ROSS: It also seems like Chunky is an Aries. That’s something that I liked about it when about when I put it together in my head. I started thinking about this album as relating to the character on the cover, so a lot of that monkey character. So he’s an Aries too, him and I are like astrological brethren, we can sort of have the same arc to our respective years. I think the clichéd characteristics of an Aries works to that effect too. Particularly in the way the music sounds too.

HOFFMAN: Aries are supposed to be very carefree and fun, but also strong leaders. I can see that in the record. Where did the picture for the monkey come from?

ROSS: That was clip art. I was searching through these Mesoamerican clip art archives for whatever reason to find some inspiration. Matthew had just come up with the title Chunky Monkey so I was looking specifically just for monkeys to find anything that would match that ridiculous title, and yeah, there’s just this whole Mesoamerican monkey clip art and that was just the one that stood out, because of how androgynous it was. In terms of its attitude, it has this playfulness but also this weird, a bit off and scary expression on its face. And he has this belly, so maybe she’s fat or pregnant. So there’s all this ambiguity in these simple lines. I just couldn’t stop staring at it and I started sending it around to people, and everyone has responded to it really strongly. People either really connect with the image or not understand and then have it become totally justified based on the title. It has this weird three-part thing, the music, the album title, and that image, and I think they all kind of need each other to click.  But yeah, that image is total stock, and I couldn’t disturb it at all, I had to leave it black on white.

HOFFMAN: What’s the story behind the title?

ROSS: Matthew came up with the name, and it was when we were talking about ideas for a title and he just blurted that out, and it really resonated with me, not because of the ice cream flavor, which unfortunately it is literally referencing, but also it somehow embodied this kind of Trader Joe’s, fair-trade, Euro kind of feeling. It has just funny, 2000s, middle-class liberal feeling to it that it seems to conjure up. I just picture crates with weird maps on them with a bunch of fair-trade logos that are really overly designed. It’s really explicitly a mural in a Starbucks or what I imagine it as.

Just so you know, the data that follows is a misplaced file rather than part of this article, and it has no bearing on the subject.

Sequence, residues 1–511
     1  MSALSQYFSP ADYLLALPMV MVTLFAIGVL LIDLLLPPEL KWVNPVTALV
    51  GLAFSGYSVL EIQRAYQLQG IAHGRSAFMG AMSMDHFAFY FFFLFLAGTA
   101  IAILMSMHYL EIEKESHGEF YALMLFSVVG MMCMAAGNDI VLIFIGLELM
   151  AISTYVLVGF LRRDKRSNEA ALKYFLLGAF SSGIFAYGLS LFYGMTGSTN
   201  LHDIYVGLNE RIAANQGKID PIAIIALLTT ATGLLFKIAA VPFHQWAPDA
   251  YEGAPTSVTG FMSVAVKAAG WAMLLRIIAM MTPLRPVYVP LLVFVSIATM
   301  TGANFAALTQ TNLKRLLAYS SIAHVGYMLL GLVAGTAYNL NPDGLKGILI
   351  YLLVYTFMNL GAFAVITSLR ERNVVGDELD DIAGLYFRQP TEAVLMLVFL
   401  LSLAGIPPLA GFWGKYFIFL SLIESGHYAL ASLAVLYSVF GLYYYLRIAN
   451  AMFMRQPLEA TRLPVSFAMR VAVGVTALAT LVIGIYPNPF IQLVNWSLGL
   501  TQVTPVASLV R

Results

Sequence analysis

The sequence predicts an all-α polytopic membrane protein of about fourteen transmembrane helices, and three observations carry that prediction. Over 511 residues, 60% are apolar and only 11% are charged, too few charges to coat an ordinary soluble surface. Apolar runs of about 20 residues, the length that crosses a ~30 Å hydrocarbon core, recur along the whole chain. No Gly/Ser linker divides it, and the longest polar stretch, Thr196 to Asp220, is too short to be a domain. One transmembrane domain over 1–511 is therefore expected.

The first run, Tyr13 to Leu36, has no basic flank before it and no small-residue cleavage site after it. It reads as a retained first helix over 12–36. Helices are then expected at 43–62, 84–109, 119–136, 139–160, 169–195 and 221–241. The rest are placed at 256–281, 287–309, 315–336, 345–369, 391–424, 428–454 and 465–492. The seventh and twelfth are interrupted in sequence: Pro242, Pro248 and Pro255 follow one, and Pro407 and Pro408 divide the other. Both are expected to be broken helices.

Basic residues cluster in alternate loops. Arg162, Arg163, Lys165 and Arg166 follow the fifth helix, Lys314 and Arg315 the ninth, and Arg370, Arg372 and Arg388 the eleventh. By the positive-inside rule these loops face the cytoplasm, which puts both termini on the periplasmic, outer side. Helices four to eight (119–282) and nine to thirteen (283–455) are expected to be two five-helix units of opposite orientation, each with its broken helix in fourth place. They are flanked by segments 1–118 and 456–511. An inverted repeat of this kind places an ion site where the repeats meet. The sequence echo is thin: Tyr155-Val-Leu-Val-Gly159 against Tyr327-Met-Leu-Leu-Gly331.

HOFFMAN: It’s very Peet’s Coffee.

ROSS: The logo for the Peet’s coffee logo is everything.  It’s like a weird unexplored cultural movement from the 2000s that’s still going hard. The college I went to in Chicago, Columbia College, also had that same aesthetic. You know like, chartreuse, weird orange, kind of millennial, very liberal millennial. It’s an aspect of culture which I don’t feel is like explored particularly very often because it’s kind of disdainful. But that’s definitely something I’m trying to hit on with the sound.

HOFFMAN: So this is your second solo album. How did it come to be?

ROSS: I got really into this hole in the Internet of trip hop and acid jazz and the weird bridge there. They’re always grouped together. They don’t seem like they have a whole lot in common, but certain artists will often be tagged. From there I found my own weird world that was informed by that stuff. It was a lot of input at first, just like digging through archives an on Last.fm looking through similar artists and stuff like that. And then I started making all these songs. I started sketching stuff out.